So many people mistake it for another fantasy series

C. S. Lewis, his worlds, and his faith.

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So many people mistake it for another fantasy series

Postby D-T » Aug 21, 2011 4:43 pm

I wonder if any of the cast or crew of the films know that this is all about God
and Jesus. I mean when C.S. Lewis wrote the books, he didn't make it very apparent (I will misspell stuff but try to work with me)
anyone have any thoughts?
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Re: So many people mistake it for another fantasy series

Postby Ithilwen » Aug 21, 2011 5:09 pm

D-T wrote:I wonder if any of the cast or crew of the films know that this is all about God
and Jesus. I mean when C.S. Lewis wrote the books, he didn't make it very apparent (I will misspell stuff but try to work with me)
anyone have any thoughts?


Welcome to NarniaWeb. :)

I think he made it pretty apparent. A lion who creates worlds, with a nature much like Jesus, who is the Son of a much greater being, dying to save Edmund because of his sin, and defeating evil, and then saying He has another name in our world, and then revealing himself to be "much more than a lion" in the afterlife?

I'm pretty sure everyone knows Narnia is about Christianity. People who are not Christians know this (though some don't acknowledge it). People who don't want to view it that way will simply view it in the way they like. But everyone knows Lewis's intention.


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Re: So many people mistake it for another fantasy series

Postby DiGoRyKiRkE » Aug 21, 2011 5:33 pm

I would also agree that he made it pretty darn apparent. Of course, several of the Hollywood people know nothing about the Bible, so it wouldn't surprise me that it would kind of blind-sight them. (Which causes them to over correct, which is another discussion entirely :P )
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Re: So many people mistake it for another fantasy series

Postby JohnBrownsage » Sep 03, 2011 10:10 am

Actually, the heavy-handed Christianity in the later books (as written -- include The Magician's Nephew here even though chronologically it's the first) is something I don't like at all. C.S. Lewis was of course a devout Christian, but in many ways he had a pagan soul, and it came out in the earlier Narnia books, especially LW&W and Prince Caspian, and to a lesser extent in Dawn Treader. Aslan in the earlier books is a powerfully pagan deity, a kind of solar god or (of course) King of Beasts. Of course Lewis always intended him for a Christ figure, but that was subtle in the earlier books and his personal inclination ruled things more. Later, especially in The Last Battle, it became overt and IMO ruined a lot of the writing.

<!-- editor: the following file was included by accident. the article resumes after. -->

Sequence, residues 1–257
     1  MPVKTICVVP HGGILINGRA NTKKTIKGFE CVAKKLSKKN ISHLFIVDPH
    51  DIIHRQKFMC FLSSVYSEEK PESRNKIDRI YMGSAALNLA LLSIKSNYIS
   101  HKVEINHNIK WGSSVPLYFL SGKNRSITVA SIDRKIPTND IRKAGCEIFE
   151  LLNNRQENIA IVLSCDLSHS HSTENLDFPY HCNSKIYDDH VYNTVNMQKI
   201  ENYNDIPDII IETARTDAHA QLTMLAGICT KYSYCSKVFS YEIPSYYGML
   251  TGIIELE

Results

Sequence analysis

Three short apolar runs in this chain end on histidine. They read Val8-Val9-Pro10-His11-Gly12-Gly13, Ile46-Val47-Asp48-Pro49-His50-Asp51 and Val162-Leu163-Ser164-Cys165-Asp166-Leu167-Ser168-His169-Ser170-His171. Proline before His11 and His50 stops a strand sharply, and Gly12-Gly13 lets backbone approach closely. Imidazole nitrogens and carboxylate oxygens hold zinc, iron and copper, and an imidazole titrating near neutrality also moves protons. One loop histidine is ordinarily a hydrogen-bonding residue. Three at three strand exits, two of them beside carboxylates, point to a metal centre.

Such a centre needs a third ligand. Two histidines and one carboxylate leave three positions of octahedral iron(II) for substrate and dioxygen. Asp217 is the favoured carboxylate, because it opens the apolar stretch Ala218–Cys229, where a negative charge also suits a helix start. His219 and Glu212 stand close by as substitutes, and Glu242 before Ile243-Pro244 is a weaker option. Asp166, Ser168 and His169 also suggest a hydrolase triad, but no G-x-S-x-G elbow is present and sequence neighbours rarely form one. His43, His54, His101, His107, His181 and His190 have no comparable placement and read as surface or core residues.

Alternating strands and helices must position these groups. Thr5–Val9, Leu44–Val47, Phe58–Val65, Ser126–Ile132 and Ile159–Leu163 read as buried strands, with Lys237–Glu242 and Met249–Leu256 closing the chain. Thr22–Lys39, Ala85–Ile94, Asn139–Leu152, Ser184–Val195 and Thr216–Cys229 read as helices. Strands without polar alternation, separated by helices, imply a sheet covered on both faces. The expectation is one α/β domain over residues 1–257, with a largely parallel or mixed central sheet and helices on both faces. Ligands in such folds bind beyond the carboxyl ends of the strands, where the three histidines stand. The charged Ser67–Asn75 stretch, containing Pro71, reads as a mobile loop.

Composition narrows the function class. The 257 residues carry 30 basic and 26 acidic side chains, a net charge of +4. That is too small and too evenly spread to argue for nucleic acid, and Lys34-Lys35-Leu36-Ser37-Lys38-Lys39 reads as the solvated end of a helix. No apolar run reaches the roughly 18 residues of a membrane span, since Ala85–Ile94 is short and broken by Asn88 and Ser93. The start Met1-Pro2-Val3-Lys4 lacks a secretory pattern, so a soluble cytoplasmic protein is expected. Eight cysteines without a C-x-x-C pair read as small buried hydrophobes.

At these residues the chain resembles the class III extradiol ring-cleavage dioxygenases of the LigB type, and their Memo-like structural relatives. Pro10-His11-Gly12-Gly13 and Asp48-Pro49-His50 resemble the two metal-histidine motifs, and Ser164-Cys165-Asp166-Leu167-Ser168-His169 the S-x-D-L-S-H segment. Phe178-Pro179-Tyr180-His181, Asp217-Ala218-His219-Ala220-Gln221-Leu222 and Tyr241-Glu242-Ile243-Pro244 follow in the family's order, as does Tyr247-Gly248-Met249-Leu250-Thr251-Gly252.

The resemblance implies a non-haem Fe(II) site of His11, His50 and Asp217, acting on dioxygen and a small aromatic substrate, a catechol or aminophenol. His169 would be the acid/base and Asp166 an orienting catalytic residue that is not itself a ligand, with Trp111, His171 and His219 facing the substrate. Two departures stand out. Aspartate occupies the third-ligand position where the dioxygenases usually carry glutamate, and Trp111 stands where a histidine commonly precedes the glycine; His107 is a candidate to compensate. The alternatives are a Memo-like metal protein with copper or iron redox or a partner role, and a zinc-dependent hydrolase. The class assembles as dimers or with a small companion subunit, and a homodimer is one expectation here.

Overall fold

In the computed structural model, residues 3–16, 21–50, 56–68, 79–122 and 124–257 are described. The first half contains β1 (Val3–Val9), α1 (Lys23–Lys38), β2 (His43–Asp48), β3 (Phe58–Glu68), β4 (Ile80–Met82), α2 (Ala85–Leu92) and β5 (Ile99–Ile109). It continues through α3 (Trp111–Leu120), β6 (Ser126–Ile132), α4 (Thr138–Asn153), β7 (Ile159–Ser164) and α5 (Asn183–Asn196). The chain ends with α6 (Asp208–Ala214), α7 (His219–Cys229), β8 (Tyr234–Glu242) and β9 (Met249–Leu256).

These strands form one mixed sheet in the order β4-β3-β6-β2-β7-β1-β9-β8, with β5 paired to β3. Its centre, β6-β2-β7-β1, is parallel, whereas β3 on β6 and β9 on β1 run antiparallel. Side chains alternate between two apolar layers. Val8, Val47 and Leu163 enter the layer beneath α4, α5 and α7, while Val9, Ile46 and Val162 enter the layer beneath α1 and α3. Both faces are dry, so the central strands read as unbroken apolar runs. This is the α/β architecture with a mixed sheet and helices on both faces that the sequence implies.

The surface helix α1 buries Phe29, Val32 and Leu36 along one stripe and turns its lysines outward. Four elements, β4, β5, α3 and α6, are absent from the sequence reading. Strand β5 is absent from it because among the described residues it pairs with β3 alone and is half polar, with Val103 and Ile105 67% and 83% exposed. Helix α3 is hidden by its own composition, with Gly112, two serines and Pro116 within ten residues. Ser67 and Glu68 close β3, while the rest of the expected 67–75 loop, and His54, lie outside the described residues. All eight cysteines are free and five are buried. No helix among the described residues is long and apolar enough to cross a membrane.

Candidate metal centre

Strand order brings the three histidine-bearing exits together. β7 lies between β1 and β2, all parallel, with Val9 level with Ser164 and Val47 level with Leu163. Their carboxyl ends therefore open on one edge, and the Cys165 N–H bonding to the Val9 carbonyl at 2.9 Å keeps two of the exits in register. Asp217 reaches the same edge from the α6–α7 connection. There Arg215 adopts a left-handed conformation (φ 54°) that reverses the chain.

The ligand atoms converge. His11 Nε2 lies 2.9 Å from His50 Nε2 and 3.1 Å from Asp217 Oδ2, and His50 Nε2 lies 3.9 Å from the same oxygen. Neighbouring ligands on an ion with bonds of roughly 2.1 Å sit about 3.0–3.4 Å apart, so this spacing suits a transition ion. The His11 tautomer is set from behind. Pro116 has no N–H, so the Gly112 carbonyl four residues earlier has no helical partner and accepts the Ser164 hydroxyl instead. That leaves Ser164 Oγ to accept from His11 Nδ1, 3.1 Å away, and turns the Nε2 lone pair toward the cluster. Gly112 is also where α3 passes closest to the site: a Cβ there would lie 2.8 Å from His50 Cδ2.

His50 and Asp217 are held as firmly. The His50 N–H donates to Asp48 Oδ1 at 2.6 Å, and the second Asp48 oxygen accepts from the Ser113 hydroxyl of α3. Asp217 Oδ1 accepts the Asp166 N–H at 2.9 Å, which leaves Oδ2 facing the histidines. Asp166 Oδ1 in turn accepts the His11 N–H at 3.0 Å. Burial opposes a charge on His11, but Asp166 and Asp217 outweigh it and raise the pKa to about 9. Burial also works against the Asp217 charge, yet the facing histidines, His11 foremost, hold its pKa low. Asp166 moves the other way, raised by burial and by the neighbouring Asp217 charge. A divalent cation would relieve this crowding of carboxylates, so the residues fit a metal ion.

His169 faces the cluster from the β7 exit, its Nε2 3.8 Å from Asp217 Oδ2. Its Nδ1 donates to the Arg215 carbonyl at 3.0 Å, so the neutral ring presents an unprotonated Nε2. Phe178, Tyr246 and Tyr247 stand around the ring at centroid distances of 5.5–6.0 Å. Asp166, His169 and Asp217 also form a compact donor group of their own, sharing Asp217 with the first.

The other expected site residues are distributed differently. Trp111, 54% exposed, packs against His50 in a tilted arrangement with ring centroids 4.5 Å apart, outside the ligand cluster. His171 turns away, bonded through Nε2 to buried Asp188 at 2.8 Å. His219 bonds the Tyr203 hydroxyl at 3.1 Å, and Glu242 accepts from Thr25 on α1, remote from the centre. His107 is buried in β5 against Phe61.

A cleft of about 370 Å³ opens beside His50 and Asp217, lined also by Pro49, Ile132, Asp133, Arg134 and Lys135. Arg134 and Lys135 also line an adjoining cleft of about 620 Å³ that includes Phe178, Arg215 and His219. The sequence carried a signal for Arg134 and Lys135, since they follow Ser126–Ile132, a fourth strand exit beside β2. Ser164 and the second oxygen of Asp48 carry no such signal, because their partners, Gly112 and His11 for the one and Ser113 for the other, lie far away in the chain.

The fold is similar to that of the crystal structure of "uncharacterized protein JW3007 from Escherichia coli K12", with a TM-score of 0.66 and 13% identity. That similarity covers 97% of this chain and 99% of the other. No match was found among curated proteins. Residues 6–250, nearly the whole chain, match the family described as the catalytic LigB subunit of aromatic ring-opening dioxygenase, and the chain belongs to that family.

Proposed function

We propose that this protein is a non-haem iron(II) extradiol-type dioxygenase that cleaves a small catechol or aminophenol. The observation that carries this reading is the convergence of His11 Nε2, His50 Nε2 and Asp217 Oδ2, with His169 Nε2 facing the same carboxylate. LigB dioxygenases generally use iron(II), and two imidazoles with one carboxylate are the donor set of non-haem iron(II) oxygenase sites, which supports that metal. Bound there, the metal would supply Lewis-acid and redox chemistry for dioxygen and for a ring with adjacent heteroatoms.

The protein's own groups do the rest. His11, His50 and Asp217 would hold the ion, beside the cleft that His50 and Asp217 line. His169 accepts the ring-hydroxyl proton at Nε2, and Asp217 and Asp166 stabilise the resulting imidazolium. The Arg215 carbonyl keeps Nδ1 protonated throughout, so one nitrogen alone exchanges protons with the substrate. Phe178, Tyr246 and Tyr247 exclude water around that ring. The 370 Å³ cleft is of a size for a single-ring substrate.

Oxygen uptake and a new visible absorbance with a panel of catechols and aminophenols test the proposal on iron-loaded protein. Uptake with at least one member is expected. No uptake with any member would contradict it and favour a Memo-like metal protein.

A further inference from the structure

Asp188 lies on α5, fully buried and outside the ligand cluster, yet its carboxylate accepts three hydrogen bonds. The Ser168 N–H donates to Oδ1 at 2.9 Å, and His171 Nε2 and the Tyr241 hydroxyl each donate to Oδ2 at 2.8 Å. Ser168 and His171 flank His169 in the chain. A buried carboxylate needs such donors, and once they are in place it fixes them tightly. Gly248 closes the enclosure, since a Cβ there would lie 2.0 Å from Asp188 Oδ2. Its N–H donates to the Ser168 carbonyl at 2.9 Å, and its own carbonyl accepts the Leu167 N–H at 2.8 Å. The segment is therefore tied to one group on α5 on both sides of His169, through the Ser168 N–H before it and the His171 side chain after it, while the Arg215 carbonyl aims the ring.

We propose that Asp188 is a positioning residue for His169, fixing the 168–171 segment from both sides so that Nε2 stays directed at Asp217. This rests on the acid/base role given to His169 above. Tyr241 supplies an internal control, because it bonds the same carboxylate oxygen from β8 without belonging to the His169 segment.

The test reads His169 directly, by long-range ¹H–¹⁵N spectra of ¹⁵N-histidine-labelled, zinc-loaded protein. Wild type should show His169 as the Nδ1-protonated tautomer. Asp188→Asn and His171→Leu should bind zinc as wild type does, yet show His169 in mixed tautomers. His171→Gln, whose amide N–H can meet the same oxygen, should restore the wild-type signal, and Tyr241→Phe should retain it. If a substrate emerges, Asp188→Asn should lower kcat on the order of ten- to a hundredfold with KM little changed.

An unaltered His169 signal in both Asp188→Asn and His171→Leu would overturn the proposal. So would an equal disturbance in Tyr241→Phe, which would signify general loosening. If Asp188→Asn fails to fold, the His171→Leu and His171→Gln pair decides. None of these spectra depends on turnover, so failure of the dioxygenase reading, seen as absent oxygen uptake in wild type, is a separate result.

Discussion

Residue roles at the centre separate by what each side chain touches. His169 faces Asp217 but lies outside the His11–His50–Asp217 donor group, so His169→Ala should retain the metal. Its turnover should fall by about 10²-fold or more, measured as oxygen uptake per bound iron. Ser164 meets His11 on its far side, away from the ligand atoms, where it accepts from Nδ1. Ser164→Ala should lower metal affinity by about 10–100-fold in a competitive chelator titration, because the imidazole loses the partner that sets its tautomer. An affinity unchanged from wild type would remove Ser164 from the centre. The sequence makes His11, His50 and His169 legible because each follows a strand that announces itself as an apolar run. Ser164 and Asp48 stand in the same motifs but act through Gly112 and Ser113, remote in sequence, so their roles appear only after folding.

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Re: So many people mistake it for another fantasy series

Postby Lilygloves » Sep 03, 2011 10:25 am

I think that it would be pretty obvious if they read the books, but if they haven't read the books they may not realize how much of an influence Lewis's faith had. But The Chronicles of Narnia are very well known for being "Christian allegories", even though they really aren't allegories.
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Re: So many people mistake it for another fantasy series

Postby Ithilwen » Sep 05, 2011 2:02 am

JohnBrownsage wrote:Actually, the heavy-handed Christianity in the later books (as written -- include The Magician's Nephew here even though chronologically it's the first) is something I don't like at all. C.S. Lewis was of course a devout Christian, but in many ways he had a pagan soul, and it came out in the earlier Narnia books, especially LW&W and Prince Caspian, and to a lesser extent in Dawn Treader. Aslan in the earlier books is a powerfully pagan deity, a kind of solar god or (of course) King of Beasts. Of course Lewis always intended him for a Christ figure, but that was subtle in the earlier books and his personal inclination ruled things more. Later, especially in The Last Battle, it became overt and IMO ruined a lot of the writing.


I think the Christian influences are more clear than ever in LWW than most of the other books (VDT being the exception). It's a very overt nod to Christ dying on the cross, the very center of the Christian religion.

And it's not as if the elements of mythology are battling against the Christian themes. I don't see anything that indicates it was the pagan elements vs. the Christian ones inside his head, heart, or works. They're not really contradictory. Lewis never viewed them as contradictory either, and placed one just as freely as the other in almost all of his works throughout the different years of his life.


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Re: So many people mistake it for another fantasy series

Postby Aravis Narnia » Oct 04, 2011 6:46 pm

To me, it does not become super apparent till the second book. There are many creation stories out there- so to me, a creation story does not automatically equal Christian allegory.

But in LWW, you bet it is definitely apparent. I was crying my eyes out once I made the connection. Seems familiar? You bet it is.
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Re: So many people mistake it for another fantasy series

Postby Dernhelm_of_Rohan » Oct 10, 2011 12:04 pm

In reading the books over and over, I think Lewis wove three layers to the Chronicles.